Marcolin, which recently landed new licensing deals with Ermenegildo Zegna and Agnona, also manufactures eyewear for brands such as Tom Ford, Balenciaga, Roberto Cavalli, Dsquared2, Diesel, Tod’s and Montblanc. Its Viva International portfolio includes brands such as Guess, Rampage and Harley-Havidson in addition to Skechers. Marcolin closed 2013 with revenues of 360 million euros, or $493.2 million at average exchange rates, down 2 percent compared with the previous year. According to Zoppas, the small decrease was due to the company’s internal restructuring, along with the reorganization of its partnership in international markets. Zoppas also said that in the first quarter of 2014 Marcolin is growing in all markets with all its brands.
“Azzedine has been one of the biggest influences in my life. He has always been such a strong, loving, fatherly figure to me. I call him Papa. His designs are indescribably unique, they are pieces of art. He knew how to make the female form look its loveliest. I have so many memories of him; my favorite might be during my first show with him in Paris. He liked me and he wanted to help me get more work. He called all his friends at Kenzo and Comme des Garcons, and asked them to book me. They said, ‘But she can’t walk!’ And he said, ‘but she has such a great ass!' His friendship and support has been the great privilege of my career. I can't imagine life without him. Repose en paix mon Papa.” - @stephanieseymour tells @wwd. #wwdfashion (📷: @steveeichner) #alaia #azzedinealaia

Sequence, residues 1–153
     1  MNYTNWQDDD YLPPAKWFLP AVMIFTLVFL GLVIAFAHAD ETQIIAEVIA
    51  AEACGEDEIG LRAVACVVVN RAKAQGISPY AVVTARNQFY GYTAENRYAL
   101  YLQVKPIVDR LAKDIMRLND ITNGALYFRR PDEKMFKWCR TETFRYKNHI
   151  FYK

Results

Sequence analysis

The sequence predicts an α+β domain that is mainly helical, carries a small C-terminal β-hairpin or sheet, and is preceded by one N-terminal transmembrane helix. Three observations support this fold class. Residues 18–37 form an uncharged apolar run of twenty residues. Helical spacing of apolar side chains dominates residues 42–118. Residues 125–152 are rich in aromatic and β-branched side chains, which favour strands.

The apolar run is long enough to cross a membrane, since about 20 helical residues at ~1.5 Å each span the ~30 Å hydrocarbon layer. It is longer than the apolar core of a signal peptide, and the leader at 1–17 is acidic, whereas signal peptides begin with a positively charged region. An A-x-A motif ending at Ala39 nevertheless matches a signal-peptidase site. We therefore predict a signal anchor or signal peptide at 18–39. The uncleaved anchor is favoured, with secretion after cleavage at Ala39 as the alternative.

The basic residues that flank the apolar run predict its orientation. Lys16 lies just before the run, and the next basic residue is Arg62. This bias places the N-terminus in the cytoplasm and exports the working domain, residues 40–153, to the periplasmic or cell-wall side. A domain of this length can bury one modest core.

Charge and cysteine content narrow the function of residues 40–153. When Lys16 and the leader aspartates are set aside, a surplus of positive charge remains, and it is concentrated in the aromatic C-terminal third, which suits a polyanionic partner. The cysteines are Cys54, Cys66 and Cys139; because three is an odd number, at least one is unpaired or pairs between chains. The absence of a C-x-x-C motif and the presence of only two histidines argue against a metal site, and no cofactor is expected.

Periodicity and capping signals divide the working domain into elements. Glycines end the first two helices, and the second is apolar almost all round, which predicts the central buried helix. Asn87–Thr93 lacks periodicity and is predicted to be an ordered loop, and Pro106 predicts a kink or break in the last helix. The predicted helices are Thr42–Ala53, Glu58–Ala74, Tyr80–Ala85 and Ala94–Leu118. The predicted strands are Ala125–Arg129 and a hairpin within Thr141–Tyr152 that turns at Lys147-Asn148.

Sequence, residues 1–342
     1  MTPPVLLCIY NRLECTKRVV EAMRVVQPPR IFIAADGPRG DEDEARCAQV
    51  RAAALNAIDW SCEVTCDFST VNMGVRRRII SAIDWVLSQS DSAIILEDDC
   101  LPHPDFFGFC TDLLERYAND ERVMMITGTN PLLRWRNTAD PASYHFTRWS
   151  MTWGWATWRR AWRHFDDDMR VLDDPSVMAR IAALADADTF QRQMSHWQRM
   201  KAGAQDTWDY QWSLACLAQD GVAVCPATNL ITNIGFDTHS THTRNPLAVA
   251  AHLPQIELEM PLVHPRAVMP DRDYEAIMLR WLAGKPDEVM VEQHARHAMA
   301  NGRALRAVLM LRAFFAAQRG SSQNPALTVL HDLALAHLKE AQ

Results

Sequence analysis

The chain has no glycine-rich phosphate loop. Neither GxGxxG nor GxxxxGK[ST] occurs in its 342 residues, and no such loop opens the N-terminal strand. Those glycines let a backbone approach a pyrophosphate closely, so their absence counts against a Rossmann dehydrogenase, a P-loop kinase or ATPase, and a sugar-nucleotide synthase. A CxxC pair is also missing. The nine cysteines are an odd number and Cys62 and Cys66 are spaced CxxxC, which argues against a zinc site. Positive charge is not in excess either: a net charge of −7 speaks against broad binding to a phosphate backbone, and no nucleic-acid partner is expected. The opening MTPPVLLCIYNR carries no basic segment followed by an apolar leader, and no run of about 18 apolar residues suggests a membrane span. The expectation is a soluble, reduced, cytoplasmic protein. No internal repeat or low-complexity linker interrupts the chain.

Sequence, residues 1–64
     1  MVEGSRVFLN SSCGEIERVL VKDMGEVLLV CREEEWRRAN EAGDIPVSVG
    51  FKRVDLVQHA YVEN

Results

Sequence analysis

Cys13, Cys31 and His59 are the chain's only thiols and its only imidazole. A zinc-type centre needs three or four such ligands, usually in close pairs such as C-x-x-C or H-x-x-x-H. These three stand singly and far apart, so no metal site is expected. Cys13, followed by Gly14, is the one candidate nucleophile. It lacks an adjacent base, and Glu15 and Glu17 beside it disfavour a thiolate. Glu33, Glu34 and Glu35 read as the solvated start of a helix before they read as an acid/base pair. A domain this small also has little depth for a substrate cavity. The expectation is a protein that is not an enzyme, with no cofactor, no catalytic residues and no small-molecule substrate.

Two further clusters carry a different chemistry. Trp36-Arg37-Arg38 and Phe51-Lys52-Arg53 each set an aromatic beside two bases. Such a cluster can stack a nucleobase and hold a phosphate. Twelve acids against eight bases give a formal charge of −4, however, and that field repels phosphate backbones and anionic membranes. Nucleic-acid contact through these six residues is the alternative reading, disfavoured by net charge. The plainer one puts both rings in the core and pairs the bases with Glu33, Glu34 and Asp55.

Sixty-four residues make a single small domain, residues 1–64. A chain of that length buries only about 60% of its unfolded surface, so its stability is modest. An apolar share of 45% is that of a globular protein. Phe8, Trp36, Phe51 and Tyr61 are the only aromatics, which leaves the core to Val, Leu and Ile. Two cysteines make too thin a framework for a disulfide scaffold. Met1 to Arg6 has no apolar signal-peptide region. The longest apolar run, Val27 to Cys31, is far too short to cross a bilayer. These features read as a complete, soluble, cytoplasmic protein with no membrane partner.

Azzedine Alaïa, flanked by two of his closest friends, models Stephanie Seymour and Naomi Campbell.
He designed Seymour’s dress for her 1995 wedding to Peter Brant, and treated Campbell (who famously called him Papa), like a daughter. For more on the legendary designer, tap the link in bio. #wwdfashion #alaia #azzedinealaia
Azzedine Alaïa's “I-did-it-my-way” ethos stood out starkly at a time when brands are experimenting with consumer-facing fashion shows, coed formats and trans-seasonal collections – anything to perk up lackluster sales of ready-to-wear in an age of Insta-everything. “It’s not creation anymore. This becomes a purely industrial approach,” the late designer told WWD in an interview last year. “But anyway, the rhythm of collections is so stupid. It’s unsustainable. There are too many collections.” Read more about the iconic designer’s life and work on wwd.com, link in bio. #wwdfashion #azzedinealaia (📷: @WWD Archive, 1986) #alaia
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Azzedine Alaïa, one of the most iconic couturiers of the modern era whose body-con designs defined Eighties fashion, has died in Paris. The diminutive Tunisian-born designer, known for his structured knitted dresses with fitted waists and impeccably cut, figure-hugging second skin silhouettes was deeply admired by his peers, and counted supermodel Naomi Campbell - his adoptive daughter - among his inner circle, one of a gang of glamazons including Farida Khelfa, Carla Bruni and Stephanie Seymour who became ambassadors of his style. (📷: Alexandre Guirkinger) #wwdblast